Here too the authors observed that reductions in the QIDS-SR16 score after the 10-week open-label treatment trial were significantly associated with placebo-induced MOR-system activation in the same regions of the brain associated with placebo antidepressant effects.
Objectively measured, placebo-induced opioid release in several key areas of the brain accounted for 43% of the variance in response to open-label treatment with an antidepressant.
"This means that 43% of the overall response that we observed at the end of active antidepressant treatment was explained by opioid-releasing placebo administration," said Dr Peciña.
"This is the first objective evidence we have that the brain's own opioid system is involved in response to both antidepressants and placebo and that variation in this response is associated with variation in symptom relief," she said in a statement.
"And we can envision that by enhancing placebo effects, we might be able to develop faster-acting or better antidepressants."
Commenting on the study in a statement, senior researcher Jon-Kar Zubieta, MD, PhD, now chair, Department of Psychiatry, University of Utah, in Salt Lake City, noted that the placebo effect in this study came from participants not only believing that they were receiving a "real" drug but also from simply being in a treatment environment.
"These results suggest that some people are more responsive to the intention to treat their depression and that they may do better if psychotherapies or cognitive therapies that enhance the clinician-patient relationship are incorporated into their care as well as antidepressant medications," he said.
In an accompanying editorial, Maurizio Fava, MD, Massachusetts General Hospital, Boston, noted that the identification of a biological response to placebo exposure in patients with major depressive disorder is consistent with the view that placebo treatment can induce robust neurobiological changes in the brain.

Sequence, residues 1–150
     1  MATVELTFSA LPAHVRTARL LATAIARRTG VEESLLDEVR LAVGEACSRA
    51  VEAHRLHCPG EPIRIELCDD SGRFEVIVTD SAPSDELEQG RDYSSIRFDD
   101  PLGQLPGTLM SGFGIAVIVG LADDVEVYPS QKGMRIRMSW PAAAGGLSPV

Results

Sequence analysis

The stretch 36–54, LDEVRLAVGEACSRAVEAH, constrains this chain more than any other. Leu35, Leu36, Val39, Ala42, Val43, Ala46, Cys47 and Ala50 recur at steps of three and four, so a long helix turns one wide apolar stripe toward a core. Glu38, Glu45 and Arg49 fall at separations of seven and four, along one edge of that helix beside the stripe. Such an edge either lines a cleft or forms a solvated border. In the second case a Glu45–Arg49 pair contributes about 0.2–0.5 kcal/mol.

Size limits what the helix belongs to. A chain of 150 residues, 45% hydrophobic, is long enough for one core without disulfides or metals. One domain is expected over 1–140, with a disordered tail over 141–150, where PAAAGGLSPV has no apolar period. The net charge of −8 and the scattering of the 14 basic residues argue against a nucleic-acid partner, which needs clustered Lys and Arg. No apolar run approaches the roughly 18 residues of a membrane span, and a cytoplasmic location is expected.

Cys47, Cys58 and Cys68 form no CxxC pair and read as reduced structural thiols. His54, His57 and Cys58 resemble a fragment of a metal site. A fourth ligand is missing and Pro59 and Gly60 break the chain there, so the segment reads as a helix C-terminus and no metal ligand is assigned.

In one of his own studies (Transl Psychiatry. 2013;e282. Doi:10.1038/tp.2013.43), Dr Fava and colleagues found that they could classify treated patients in a clinical trial of depression on the basis of each patient's propensity to respond to a given type of treatment.
The so-called D (drug)–negative, P (placebo)–negative population consists of patients who are not responsive to either active treatment or placebo, Dr Fava noted.
"In depression trials in nonresistant populations, the D-negative, P-negative group typically represents 50% of the population, based on nonresponse rates frequently observed with active treatments," he writes.
A meta-analysis of 182 antidepressant trials (Eur Neuropsychopharmacol. 2009;19:34-40) showed that the average placebo response rate with two active treatments and placebo was about 40%.
"When the placebo response rate (and therefore the D-positive, P-positive group) is 40% in a given population and the D-negative, P-negative group is 50%, this means that only 10% of patients belong to the D-positive, P-negative group, which comprises patients who respond to active treatment but not to placebo," Dr Fava observed.
"Therefore, it is quite possible that most of the patients who responded to open-label antidepressant therapy in the Peciña et al study actually belonged to the D-positive, P-positive group," he added.
"In such case, the fact that placebo-induced endogenous opioid release...was associated with a better open-label antidepressant treatment response may be simply accounted for by the fact that the placebo response in the lead-in phase was the same type of response observed following open-label antidepressant therapy."
Dr Peciña reports no relevant financial relatinships. Dr Fava has relevant financial relationships with a wide range of pharmaceutical companies, all which have been disclosed in a conflict of interest statement published with his editorial.
Medscape Medical News © 2015 WebMD, LLC
Send comments and news tips to email@example.com.
Cite this: Placebo Effect a Major Factor in Antidepressant Response - Medscape - Oct 05, 2015.